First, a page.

[Steve Bruce interviewed Mary Power, Executive Director of the HR Certification Institute, on November 22.]
"Our Value of Certification studies clearly show the advantages of certification," says Mary Power, Executive Director of the HR Certification Institute. For example, 96 percent of hiring employers said certification is an advantage for applicants and 91 percent thought it was an advantage for HR managers seeking promotions.
Powers, in an exclusive interview with HRDA, discussed the revamped eligibility criteria for HRCI's exams, and the value of the certification to HR managers and their employers.
Eligibility for Certification Benefits Made More Stringent
HRDA: What brought about the changes in eligibility requirements?
Power: These changes are a result of the evaluations that we do systematically. Every few years, we do a "practice analysis" for each of the exams. This is a rigorous evaluation to make sure that what is on our tests stays relevant to what's happening in the real world of HR. In addition, we do benchmarking on a regular basis to make sure that our eligibility requirements and our recertification requirements are in line with professional certification standards and appropriate for our profession.
Our recent clarification of the eligibility requirements will help to steer people toward the appropriate test for their particular level of experience and their particular position.
HRDA: Specifically, what's changed?
Power: Essentially the old eligibility standard was "two years of professional (exempt-level) HR work experience" for PHR, SPHR, and GPHR. The new eligibility requirements (which take effect beginning with the May-June 2011 exam testing period) provide different requirements for the three exams and differentiate based on degree held.
Here are the new requirements:
PHR (Professional in Human Resources) Eligibility
1 year of demonstrated professional HR experience with a Master’s degree or higher
2 years of demonstrated professional HR experience with a Bachelor’s degree
4 years of demonstrated professional HR experience with less than a Bachelor’s degree
SPHR (Senior Professional in Human Resources) Eligibility
4 years of demonstrated professional HR experience with a Master’s degree or higher
5 years of demonstrated professional HR experience with a Bachelor’s degree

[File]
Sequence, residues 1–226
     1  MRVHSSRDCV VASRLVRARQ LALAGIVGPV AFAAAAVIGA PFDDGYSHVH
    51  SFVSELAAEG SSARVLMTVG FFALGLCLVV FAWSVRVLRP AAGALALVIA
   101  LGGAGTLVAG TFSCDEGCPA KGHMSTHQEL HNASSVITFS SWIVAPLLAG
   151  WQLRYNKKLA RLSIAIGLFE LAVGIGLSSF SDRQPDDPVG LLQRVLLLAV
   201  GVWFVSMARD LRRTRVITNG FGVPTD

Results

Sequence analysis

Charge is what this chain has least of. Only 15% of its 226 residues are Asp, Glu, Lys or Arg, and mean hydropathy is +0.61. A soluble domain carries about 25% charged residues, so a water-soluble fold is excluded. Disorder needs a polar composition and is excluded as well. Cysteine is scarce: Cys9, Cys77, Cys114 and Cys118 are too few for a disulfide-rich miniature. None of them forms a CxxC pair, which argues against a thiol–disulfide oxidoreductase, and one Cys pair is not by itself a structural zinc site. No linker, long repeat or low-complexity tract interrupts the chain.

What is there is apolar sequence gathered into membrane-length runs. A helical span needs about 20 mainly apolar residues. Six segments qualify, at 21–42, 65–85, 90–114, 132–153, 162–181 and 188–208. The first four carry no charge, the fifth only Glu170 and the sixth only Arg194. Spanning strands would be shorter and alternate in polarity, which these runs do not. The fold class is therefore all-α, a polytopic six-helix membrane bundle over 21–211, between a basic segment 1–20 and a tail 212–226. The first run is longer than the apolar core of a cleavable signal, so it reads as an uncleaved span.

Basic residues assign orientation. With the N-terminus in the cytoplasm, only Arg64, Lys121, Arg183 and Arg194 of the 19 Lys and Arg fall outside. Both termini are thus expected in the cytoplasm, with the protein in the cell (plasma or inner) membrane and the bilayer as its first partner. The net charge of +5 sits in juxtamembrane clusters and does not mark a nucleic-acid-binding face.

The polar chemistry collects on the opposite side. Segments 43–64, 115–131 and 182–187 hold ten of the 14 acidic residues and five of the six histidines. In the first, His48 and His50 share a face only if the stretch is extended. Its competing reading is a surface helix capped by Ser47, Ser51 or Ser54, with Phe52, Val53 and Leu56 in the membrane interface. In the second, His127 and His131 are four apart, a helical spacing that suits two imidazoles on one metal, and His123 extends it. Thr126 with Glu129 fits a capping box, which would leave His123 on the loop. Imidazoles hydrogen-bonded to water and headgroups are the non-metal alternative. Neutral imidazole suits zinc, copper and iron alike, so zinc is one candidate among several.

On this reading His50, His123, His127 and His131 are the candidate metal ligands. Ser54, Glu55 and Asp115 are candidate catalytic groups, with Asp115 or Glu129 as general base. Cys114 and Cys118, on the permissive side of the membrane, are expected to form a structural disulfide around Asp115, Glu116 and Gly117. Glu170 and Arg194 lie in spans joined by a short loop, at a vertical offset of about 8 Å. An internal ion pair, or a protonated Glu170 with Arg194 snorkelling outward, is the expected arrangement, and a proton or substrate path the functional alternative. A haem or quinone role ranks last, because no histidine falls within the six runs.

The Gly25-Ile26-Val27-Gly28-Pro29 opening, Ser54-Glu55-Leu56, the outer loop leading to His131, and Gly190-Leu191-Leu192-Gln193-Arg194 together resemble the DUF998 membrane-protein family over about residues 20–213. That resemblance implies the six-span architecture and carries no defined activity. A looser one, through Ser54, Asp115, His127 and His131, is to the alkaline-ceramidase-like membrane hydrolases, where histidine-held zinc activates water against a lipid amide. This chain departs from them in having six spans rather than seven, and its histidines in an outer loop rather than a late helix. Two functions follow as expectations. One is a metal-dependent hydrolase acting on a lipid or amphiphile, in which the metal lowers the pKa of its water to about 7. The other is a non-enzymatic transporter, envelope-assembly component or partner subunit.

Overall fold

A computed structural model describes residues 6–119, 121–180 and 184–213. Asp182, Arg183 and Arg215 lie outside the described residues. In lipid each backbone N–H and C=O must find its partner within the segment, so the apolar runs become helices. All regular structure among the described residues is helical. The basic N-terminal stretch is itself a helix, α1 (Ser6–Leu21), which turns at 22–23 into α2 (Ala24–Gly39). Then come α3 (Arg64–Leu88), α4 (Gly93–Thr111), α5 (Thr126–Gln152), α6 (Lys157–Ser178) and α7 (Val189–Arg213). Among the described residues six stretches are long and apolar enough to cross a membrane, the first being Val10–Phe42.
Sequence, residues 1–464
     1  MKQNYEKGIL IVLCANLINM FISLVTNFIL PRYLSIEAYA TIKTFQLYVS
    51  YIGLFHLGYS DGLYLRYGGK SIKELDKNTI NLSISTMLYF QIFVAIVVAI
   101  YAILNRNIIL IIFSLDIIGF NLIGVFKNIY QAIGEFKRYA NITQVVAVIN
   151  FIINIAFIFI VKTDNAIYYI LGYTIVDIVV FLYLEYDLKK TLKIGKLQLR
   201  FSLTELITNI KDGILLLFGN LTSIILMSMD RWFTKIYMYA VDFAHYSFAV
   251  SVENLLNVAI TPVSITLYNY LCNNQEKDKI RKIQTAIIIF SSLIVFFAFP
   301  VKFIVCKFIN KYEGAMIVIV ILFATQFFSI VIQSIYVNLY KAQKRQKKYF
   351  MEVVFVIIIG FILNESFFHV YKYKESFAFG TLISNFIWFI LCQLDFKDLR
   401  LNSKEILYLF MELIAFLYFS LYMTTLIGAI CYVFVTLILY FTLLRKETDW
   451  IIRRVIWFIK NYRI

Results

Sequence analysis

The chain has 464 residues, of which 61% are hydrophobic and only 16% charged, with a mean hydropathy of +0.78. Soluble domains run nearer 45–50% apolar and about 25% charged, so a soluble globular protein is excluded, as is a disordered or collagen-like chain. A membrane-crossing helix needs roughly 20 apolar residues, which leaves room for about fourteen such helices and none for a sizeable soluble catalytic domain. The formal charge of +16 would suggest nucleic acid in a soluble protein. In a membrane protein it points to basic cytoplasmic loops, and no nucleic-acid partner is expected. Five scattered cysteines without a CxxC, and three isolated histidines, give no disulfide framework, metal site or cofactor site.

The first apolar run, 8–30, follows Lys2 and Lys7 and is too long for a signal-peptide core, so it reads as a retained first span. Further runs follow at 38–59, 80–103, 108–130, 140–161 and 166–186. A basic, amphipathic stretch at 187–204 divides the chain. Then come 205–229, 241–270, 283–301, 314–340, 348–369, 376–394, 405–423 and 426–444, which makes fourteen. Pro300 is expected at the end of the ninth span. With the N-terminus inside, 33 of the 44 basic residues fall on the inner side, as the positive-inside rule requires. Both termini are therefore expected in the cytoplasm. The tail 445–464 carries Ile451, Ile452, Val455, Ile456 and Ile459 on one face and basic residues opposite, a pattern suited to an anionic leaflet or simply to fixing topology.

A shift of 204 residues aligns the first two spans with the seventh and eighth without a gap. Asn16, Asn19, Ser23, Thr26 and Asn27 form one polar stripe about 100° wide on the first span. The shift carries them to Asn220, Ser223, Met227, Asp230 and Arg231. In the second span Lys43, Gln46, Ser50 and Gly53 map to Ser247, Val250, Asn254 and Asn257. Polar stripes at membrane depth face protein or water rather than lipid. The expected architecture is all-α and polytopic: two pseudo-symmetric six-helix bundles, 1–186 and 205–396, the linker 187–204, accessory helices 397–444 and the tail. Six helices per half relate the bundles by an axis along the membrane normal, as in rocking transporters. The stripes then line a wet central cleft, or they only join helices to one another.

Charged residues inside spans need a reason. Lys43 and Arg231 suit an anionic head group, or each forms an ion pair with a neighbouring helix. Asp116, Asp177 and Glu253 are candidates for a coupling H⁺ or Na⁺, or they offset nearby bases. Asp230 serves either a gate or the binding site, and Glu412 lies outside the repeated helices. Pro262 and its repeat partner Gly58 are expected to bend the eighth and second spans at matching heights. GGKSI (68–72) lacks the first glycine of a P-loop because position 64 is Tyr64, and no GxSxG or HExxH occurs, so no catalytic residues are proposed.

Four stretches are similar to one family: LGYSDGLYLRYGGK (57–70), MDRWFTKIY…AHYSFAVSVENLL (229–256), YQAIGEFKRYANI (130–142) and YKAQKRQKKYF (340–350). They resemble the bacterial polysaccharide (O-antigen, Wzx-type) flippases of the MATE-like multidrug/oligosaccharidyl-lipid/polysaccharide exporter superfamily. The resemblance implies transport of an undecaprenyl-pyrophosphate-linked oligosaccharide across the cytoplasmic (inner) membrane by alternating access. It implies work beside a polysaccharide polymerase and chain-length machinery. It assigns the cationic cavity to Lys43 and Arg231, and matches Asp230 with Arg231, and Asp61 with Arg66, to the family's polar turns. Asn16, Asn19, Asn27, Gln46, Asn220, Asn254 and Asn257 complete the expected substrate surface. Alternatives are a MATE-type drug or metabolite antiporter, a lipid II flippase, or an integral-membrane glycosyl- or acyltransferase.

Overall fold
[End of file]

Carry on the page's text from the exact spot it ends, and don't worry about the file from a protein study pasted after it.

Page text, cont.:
7 years of demonstrated professional HR experience with less than a Bachelor’s degree
GPHR (Global Professional in Human Resources) Eligibility
2 years of demonstrated global professional HR experience with a Master’s degree or higher
3 years of demonstrated professional HR experience (with 2 of the 3 being global HR experience) with a Bachelor’s degree
4 years of demonstrated professional HR experience (with 2 of the 4 being global HR experience) with less than a Bachelor’s degree
Note: For California Certification, applicants must possess a current PHR or SPHR certification.
HRDA: Can people still become certified under the old requirements?
Power: We've just closed the next round of testing, and that means if you haven't applied at this point, you'll have to apply under the new rules.
HRDA: In general, the new requirements demand more years of experience than the old rules, except for PHR eligibility, where those with masters' degrees now need only one year of experience.
Power: Yes, that's true for the PHR exam. However, we've found that the people with the Master's degrees or higher generally have practical experience from internships or project management that enhance that one year of experience.
HRDA: What does this change in requirements mean for HR managers who are already certified?
Power: This change will enhance the value of their credential.
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Value of Certification
HRDA: What sort of statistics do you have to indicate the value of certification, to both the company and the individual?
Power: There are clear indicators that certification provides benefits for both companies and individuals. We study this carefully and have just released the results of our VOC—Value of Certification—study.
From the company standpoint, participants in the study reported improvements that were attributed to certification in customer satisfaction, employee engagement, turnover, and profits.
In addition, companies said that certification:
Meanwhile, certified individuals reported seeking certification because it has a strong reputation, and also to:
HRDA: Are there many companies that will hire only certified HR applicants?
Power: We don't have a formal study on this, but our anecdotal evidence suggests that during the current downturn, when companies can be more selective, some are only considering certified candidates for their open positions.
HRDA: Can you guarantee that a certified candidate is a better candidate?
Power: I always say it's not a guarantee, but an indicator. One interesting development that backs up that idea is this: We're seeing more and more companies that consider certification as part of their risk management program. Certification indicates a mastery of the laws.
HRDA: Where can HR managers go for more information?
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